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I'm trying to connect from a 10.04 system to a 12.04 system via SSH. Strangely enough the rules in resolv.conf seem to take effect only selectively, which leaves me puzzled. Observe:

[2] user@mach:~$ ssh pangolin
ssh: Could not resolve hostname pangolin: Name or service not known
[2] user@mach:~$ host pangolin
pangolin.subdomain.domain.tld has address

subdomain.domain.tld is on the search line in /etc/resolv.conf and using host the name is properly searched given those rules. However, with the SSH client ssh I receive the error reproduced above. How can this be? I was always of the impression that the name resolution rules in resolv.conf apply system-global.

Note: /etc/hosts doesn't declare the name pangolin at all. The package openssh-server is configured on the target machine. The question is purely about why name resolution isn't consistent between those two programs.

Another note: the command works fine when I enter the fully-qualified domain name, i.e. pangolin.subdomain.domain.tld.

Meanwhile I rebooted the client machine (10.04) and the problem still exists. A DNS caching daemon isn't installed, so I reckon that shouldn't have been a problem anyway.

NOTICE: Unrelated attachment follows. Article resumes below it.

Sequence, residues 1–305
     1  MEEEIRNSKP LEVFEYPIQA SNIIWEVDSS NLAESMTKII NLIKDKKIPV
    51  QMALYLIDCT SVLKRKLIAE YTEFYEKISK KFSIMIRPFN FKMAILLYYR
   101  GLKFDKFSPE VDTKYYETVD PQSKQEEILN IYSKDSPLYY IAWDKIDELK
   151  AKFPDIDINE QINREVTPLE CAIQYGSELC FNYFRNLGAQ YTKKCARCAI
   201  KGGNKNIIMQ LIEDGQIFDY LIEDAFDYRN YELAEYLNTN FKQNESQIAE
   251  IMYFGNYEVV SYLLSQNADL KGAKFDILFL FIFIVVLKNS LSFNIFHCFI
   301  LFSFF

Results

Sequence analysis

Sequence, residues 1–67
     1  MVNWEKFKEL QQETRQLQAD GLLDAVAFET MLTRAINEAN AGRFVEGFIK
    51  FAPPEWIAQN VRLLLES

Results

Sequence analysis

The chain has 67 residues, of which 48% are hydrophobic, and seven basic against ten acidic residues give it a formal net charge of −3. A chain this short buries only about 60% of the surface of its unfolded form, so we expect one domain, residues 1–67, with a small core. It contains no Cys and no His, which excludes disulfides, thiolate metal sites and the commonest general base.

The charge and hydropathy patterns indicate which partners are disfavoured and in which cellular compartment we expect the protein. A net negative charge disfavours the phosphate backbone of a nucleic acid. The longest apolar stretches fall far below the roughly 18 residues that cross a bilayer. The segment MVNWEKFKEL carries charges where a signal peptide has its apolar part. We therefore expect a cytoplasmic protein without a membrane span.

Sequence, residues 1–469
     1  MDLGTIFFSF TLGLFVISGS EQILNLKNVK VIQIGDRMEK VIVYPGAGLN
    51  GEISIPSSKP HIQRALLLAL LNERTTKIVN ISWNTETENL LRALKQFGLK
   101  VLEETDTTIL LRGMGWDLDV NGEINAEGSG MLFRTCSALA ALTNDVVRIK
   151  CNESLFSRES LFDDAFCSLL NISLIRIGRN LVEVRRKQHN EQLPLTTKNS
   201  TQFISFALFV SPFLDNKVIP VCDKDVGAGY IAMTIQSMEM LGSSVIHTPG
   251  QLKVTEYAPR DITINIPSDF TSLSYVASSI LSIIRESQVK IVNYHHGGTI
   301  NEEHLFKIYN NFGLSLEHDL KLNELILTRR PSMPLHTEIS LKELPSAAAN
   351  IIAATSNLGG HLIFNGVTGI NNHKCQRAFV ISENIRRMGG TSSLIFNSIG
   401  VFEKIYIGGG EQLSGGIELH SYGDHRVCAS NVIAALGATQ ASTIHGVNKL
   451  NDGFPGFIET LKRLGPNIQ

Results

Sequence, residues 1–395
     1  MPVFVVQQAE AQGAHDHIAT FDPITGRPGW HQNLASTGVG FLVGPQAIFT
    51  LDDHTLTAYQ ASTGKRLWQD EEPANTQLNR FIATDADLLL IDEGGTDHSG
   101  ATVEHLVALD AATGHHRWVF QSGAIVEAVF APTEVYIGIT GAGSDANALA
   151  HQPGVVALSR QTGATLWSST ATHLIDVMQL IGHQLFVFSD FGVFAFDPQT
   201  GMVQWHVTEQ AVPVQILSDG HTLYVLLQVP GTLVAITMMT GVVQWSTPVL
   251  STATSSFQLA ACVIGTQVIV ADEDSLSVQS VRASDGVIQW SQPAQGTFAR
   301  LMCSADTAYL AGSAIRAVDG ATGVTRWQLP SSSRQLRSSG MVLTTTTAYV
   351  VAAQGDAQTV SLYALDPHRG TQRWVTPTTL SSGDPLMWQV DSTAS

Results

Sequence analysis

The information asked for in the comment:

$ grep host /etc/nsswitch.conf
hosts:          files dns

/etc/resolv.conf, I transformed the domain names consistently:

# Dynamic resolv.conf(5) file for glibc resolver(3) generated by resolvconf(8)
search domain2 domain2.ccTLD

... and the full /etc/nsswitch.conf:

$ cat /etc/nsswitch.conf
# /etc/nsswitch.conf
# Example configuration of GNU Name Service Switch functionality.
# If you have the `glibc-doc-reference' and `info' packages installed, try:
# `info libc "Name Service Switch"' for information about this file.

passwd:         compat
group:          compat
shadow:         compat

hosts:          files dns
networks:       files

protocols:      db files
services:       db files
ethers:         db files
rpc:            db files

netgroup:       nis

... and /etc/network/interfaces, which is the source for resolv.conf in 12.04:

# This file describes the network interfaces available on your system
# and how to activate them. For more information, see interfaces(5).

# The loopback network interface
auto lo
iface lo inet loopback

# The primary network interface
auto eth0
iface eth0 inet static
        dns-search domain2. domain2.ccTLD.

Note: the transformation of the domain names was done with sed, so it's consistent between the various reproduced files.

There is no ~/.ssh/config, but here's the global one (/etc/ssh/ssh_config), shrunk for the sake of brevity:

$ grep -v '^#' /etc/ssh/ssh_config |grep -v '^[[:space:]]*$'
Host *
    SendEnv LANG LC_*
    HashKnownHosts yes
    GSSAPIAuthentication yes
    GSSAPIDelegateCredentials no

$ mtr pangolin
Name or service not known: Success
share|improve this question
Could you post your /etc/resolv.conf and the output of this command grep host /etc/nsswitch.conf ? – Awi Jun 12 '12 at 1:10
@Awi: added it, plus a bit more. – 0xC0000022L Jun 12 '12 at 17:29